Reducing the Risk
Specific risk reduction and threat management interventions are needed to ensure that therapists have effective risk management tools and risk reduction policies at their disposal. Why is risk reduction necessary for professionals in mental health? According to Galeazzi, Elkins, & Curci (2005), mental health professionals who have been stalked by their clients have left the field, reported lost time from work, and moved to a different state to escape their stalker. They have also carried weapons to work in response (Pope, & Vasquez, 2011). The impact of stalking on providers is substantial. There is limited training currently available about how to manage stalking in one’s mental health career. The call is to have adequate systems in place to reduce the likelihood of stalking and appropriately respond when it does occur. In the age of technology, stalking risks are increased due to clients having multiple ways to contact their practitioners and access their personal information online. Mental health providers may face online stalking or be stalked by phone or email in addition to unwanted physical presence in the professional or personal environment. Here are six risk management strategies:
#1 Implement Client Consultations
Harm reduction involves the initial assessment of risk in your professional environment. Therapists are trained to assess risk for client harm to self and others but often do not view harm to themselves as a potential area to consider. Professionals working in a private practice setting, group forensic setting, or within a hospital setting will have different risk factors to consider. For example, a provider working in an independent private practice may wisely implement more stringent policies to reduce risk than a provider who works within a health system and has access to on-site security guards and other professionals that may serve as a risk management team.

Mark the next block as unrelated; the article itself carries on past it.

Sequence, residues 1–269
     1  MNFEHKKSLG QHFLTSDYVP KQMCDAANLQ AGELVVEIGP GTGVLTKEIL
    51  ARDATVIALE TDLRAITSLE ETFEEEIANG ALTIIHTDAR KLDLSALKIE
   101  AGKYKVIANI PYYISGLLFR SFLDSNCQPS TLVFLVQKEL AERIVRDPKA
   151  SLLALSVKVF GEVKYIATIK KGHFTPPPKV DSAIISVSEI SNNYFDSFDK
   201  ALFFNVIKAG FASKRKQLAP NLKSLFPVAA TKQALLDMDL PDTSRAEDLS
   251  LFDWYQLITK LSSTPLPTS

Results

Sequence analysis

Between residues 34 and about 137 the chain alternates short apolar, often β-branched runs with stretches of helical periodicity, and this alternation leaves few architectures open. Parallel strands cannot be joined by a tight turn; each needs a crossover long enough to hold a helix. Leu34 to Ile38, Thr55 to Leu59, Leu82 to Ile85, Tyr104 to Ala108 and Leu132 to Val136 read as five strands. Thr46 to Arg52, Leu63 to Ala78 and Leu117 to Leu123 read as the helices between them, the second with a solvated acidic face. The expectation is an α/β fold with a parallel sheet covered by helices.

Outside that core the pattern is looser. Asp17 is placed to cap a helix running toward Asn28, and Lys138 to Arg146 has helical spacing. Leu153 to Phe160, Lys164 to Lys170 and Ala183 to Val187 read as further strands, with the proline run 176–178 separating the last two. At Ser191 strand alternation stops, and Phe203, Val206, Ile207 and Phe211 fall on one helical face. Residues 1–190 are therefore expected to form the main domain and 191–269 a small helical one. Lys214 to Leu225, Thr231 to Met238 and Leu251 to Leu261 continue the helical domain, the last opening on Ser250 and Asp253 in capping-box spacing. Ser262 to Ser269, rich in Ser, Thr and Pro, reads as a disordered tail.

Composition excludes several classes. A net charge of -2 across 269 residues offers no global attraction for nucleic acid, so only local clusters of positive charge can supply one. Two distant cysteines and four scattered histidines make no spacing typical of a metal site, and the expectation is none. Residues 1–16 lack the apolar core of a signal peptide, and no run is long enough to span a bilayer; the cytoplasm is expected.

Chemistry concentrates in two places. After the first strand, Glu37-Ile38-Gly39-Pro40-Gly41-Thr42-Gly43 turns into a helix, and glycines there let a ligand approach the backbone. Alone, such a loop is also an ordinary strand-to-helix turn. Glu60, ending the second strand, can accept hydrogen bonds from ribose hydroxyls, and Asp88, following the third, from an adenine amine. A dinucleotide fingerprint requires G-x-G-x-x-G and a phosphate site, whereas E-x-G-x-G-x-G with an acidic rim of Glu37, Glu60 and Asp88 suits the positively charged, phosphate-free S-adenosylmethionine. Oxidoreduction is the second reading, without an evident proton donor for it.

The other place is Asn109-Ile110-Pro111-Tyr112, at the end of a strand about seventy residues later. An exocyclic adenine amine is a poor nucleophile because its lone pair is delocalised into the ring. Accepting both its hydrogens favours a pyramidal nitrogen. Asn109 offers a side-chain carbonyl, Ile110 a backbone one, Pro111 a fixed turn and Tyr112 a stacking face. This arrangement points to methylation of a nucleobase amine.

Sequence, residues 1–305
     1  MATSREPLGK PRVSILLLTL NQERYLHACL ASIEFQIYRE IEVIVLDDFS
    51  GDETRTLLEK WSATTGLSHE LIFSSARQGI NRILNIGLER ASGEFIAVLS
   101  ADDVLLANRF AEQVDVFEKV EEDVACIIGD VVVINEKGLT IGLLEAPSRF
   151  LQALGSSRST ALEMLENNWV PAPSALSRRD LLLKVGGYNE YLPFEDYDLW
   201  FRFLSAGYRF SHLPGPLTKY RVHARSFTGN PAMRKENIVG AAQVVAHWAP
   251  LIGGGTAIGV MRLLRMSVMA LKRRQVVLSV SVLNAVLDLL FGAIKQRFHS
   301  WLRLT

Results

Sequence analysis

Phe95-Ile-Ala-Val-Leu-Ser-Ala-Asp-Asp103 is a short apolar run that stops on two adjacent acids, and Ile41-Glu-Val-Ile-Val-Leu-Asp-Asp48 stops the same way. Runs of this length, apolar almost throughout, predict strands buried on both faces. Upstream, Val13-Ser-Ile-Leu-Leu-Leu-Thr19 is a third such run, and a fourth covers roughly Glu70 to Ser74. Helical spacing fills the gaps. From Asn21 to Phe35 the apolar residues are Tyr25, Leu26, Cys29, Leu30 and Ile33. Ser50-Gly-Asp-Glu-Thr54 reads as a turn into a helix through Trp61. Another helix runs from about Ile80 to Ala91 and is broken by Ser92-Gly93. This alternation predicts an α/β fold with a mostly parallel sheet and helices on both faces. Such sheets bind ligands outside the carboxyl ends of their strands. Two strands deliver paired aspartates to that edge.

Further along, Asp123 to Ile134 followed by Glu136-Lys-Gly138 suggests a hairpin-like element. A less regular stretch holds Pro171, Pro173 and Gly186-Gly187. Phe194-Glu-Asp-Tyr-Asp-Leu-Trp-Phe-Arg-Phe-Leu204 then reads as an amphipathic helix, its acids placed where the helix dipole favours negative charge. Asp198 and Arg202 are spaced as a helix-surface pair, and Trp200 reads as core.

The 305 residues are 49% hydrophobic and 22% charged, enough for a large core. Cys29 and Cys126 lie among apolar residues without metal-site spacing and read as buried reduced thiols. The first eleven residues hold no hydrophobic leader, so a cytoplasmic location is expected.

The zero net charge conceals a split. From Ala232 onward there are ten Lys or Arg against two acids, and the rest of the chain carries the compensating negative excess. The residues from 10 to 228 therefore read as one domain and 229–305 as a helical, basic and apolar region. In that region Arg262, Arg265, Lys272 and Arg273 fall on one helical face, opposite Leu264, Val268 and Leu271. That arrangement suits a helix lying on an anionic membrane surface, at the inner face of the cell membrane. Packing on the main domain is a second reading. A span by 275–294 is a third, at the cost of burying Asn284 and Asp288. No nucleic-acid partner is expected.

When possible, all new clients should participate in an initial consult to determine if this treatment setting will offer the most effective treatment and evaluate any potential risk factors that the provider or system may have to manage. Clinicians are encouraged to refer individuals to a higher level of care and to agencies that can responsibly manage harm potential more effectively as needed. For example, a client with a history of stalking may need to work with a provider in a larger treatment agency versus a solo provider in private practice in order to minimize the risk of intimate attachment that may lead to stalking behavior. The risk assessment process can inform the policies a provider creates for the safety of everyone involved.
#2 Provider-Client Technological Access
Therapists should use business phones and office email systems versus their personal cell numbers and email addresses to communicate with clients. At the beginning of treatment, therapists should outline communication policies, specifically what content is to be communicated electronically (i.e., scheduling new appointments of cancellations versus crisis intervention) and time parameters for communication with clients (e.g., during business hours only). One’s communication policy should, of course, contain a limits of confidentiality policy and discussion of how the professional will handle violations of the communication policy. A communication policy that outlines limits to professional responsiveness and limitations to the depth of electronic communication can minimize safety risk by establishing clear, professional boundaries.